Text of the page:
Nepali Flag Nail Art

Nepali Flag Nail Art

When I tweeted this picture, I thought it was one of those images that had the capacity to go viral in Nepali domain. To my utter dismay, it didn’t even receive any kind of acknowledgement much less the prospect of going viral. Nonetheless, I must thank a couple of people who at least ‘liked’ it on instagram.

It was inspired by female olympians flaunting their patriotic nail art at the recent 2012 Olympics. It took me quite a while to replicate the flag. Considering the amount of effort I put in, this image at least deserved a post on my blog. Hence the reason I am writing this.

Happy drawing/painting! 🙂

Citizen and Women Power

I genuinely believe this is a great time to be alive especially if you are a woman and also a Nepali citizen. I take immense pride in saying this because the world is finally beginning to recognize the power of women and their penetrating influence across the board. Women have always emerged as leaders in times of crisis. During this recession, for the first time women became the majority of the American workforce. According to Hanna Rosin’s article published in the Atlantic; in America, young, childless, single women now earn more than men do. Women today hold the purchasing power and significantly influence market dynamics. It has really taken this long for the world to acknowledge that women are in fact an untapped resource and ignoring women-power means ignoring development.

This statement may sound a little arrogant or absurd at a time when Nepali government recently banned women under 30 from working in the Middle East. First of all, Nepali government is a whole another topic that I shall discuss in a separate post including the socio-political consequences of Nepali women working abroad as a laborer. Secondly, yes, the majority of the Nepalese society is still a victim of conventional dogma that limits the role of women. Despite this narrow-mindedness I am utterly optimistic. In today’s technologically driven world there is no other way to go but to move forward. The exponential growth of technology is rapidly changing the way we interact with one another. With the free flow of information, the power now lies in the hands of ordinary people like us. Due to the influence of emerging technologies, open communications the speed of development is accelerating. Thus, in order to survive in today’s world – we must adapt to these changes. As Darwin once famously described as ‘survival of the fittest’. Those who choose to persist changing with time despite the challenges; will continue to exist. Where as those who choose not to; will be deemed irrelevant and ousted.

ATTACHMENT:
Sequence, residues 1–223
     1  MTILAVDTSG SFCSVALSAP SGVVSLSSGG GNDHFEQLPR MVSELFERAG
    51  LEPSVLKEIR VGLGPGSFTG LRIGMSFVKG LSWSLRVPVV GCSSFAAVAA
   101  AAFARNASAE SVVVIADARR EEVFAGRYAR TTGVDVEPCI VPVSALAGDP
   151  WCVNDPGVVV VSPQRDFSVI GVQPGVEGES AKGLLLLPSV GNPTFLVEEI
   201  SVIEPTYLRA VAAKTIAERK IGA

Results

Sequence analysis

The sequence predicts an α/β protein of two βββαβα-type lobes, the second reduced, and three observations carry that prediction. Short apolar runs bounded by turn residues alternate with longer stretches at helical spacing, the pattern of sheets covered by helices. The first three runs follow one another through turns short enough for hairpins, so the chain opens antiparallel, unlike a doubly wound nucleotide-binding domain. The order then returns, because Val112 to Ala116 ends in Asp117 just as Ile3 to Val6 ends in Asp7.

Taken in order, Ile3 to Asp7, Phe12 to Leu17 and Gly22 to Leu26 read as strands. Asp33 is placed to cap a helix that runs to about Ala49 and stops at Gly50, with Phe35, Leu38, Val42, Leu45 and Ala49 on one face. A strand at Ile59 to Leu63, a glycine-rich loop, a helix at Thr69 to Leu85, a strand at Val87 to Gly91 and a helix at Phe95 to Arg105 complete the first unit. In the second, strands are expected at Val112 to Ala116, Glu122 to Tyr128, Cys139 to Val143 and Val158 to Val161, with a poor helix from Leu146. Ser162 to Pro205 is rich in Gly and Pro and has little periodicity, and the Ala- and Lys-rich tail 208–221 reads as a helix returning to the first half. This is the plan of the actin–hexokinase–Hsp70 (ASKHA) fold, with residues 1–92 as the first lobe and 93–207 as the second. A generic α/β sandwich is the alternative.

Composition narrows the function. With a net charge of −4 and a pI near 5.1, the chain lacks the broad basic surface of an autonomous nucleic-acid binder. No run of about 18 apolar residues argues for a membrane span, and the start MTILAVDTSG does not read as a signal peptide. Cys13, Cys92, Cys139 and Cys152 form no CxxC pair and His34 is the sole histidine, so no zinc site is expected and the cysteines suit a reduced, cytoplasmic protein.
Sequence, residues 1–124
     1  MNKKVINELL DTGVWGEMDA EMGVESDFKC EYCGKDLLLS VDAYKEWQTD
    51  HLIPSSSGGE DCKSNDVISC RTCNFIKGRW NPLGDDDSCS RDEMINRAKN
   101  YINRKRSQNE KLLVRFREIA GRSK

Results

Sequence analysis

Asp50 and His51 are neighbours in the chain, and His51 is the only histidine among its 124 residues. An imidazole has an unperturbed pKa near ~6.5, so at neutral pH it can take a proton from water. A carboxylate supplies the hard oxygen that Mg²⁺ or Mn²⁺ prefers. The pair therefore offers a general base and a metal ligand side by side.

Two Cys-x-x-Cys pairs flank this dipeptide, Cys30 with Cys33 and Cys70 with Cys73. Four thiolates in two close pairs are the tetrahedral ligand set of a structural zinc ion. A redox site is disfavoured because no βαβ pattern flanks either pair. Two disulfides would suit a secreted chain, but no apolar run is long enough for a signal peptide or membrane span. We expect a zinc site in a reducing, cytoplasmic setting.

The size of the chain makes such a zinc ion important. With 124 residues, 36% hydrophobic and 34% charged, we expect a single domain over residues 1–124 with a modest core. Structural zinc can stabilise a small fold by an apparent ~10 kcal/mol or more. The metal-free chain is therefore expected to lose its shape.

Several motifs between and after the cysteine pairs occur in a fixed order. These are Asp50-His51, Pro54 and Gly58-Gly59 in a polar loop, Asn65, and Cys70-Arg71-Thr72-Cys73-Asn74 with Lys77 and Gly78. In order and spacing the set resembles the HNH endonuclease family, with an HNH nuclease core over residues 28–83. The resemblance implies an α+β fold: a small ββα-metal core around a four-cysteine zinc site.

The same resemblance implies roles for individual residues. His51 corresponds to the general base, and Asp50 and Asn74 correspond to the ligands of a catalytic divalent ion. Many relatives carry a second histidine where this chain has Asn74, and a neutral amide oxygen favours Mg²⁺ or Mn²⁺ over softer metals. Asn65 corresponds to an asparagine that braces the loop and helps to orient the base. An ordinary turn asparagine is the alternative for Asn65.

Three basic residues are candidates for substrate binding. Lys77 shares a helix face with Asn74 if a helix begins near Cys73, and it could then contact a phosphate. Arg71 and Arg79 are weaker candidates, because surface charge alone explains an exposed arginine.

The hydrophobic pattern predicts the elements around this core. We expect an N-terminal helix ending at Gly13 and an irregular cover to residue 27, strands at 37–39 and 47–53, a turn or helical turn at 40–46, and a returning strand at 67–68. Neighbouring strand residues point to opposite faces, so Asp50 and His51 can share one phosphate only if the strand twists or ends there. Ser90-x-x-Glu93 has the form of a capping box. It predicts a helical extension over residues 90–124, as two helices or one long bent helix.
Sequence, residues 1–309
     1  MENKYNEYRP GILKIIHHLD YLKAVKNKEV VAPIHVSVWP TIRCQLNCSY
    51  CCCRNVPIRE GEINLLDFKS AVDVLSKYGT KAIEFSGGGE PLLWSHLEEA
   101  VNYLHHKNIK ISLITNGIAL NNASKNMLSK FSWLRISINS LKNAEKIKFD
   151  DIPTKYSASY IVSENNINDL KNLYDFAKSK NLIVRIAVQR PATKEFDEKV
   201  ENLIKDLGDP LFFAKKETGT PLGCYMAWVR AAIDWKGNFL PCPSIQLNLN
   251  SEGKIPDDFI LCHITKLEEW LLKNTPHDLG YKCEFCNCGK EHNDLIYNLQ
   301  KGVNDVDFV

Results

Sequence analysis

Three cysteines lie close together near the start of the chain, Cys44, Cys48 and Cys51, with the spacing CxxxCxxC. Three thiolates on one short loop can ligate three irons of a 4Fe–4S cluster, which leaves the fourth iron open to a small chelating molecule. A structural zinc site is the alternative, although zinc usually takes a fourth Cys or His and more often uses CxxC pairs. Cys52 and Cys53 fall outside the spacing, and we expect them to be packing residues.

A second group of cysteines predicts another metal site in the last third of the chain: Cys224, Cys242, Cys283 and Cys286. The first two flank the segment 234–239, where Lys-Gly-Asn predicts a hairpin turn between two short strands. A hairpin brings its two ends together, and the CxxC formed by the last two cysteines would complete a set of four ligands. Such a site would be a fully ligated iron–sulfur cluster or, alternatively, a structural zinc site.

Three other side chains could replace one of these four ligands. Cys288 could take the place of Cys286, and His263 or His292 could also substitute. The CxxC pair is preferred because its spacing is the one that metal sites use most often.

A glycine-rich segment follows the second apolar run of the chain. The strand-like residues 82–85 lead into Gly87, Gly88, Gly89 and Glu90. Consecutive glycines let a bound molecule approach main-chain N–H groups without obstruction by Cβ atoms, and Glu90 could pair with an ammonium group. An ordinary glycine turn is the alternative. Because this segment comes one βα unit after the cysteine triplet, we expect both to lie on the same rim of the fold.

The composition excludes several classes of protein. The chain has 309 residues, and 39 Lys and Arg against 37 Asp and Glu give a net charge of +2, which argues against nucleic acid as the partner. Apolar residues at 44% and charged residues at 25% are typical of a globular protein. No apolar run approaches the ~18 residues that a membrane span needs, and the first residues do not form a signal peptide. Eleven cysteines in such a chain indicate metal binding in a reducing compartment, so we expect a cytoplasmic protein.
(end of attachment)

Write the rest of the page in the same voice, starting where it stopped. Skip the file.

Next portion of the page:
It is equally an awesome time to be a Nepali citizen because young Nepalese are truly walking the walk as opposed to their predecessors. The young generation is in tuned with the nuances of local needs at the same time very well-acquainted with the effects of globalization. Every day you get to read about the young Nepalese making a difference in their society. Whether it is about Kathmandu Cycle City 2020, where they have come together to work with the government to make Kathmandu a cycle friendly city or even something as poignant as initiating the graffiti art work on the political-slogan-filled walls of Kathmandu. This is a proof that the young Nepalese are ready to write their own stories. Willing to sing their own songs and march to the beat of their own drum. These young people are dreamers, risk takers. They are the true movers and shakers of this nation.

We belong to a generation who has come to terms with the reality that key to development lies in women empowerment and gender equality. Not every generation gets to be a part of the movement that defines the future. I believe we are that awakened generation of women and men and together we are shaping the future of our country heralding a new era of development.

London 2012 Olympics

The olympics are a great opportunity to witness a myriad of human emotions. One moment athletes are displaying their super-human side and another moment they are on the podium teary eyed exposing their vulnerabilities; making them so relate-able to the ordinary kind. They are after all just another 20 year olds, athletes in their 30s or 40s or just another teenagers. People who spent their entire childhood and adulthood training with dedication. And you see it in their eyes as they stand proud and tall representing their respective nations. When all is said and done the olympic games are as much about those who experience the thrill of victory as it is about those who accept defeat with grace and dignity.

The olympics if I can remember always have moments to celebrate. Not just the high points, even the lowest of the lows. Besides someone like Michael Phelps who became the most decorated olympian of all time; this one will also be remembered for the undying spirit of the South African double-amputee sprinter Oscar Pistorius. It will be remembered for the moment when Grenadian sprinter Kirani James exchanged bibs with Pistorius out of respect on James’ first ever win for his country. It will be remembered for being the very first in the history of olympics to have represented women from all nations. 2012 London Olympics also belonged to Wojdan Shaherkani a female Saudi Arabian judo competitor who competed sans hijab. For Saudi Arabian women – that was a watershed moment.

It’s these human stories that we will remember 2012 olympic games for. I personally will reminisce this olympics for the simple reason that I was able to cheer for the Nepalese team during the opening ceremony. I am so proud of our home team. Yes, it is a very big deal to qualify for olympics; to push your strengths, believe in yourself and give your best.  Whether we win or lose; Nepalese across the globe will continue to cheer for the Nepalese athletes and we will always be so proud of our home team.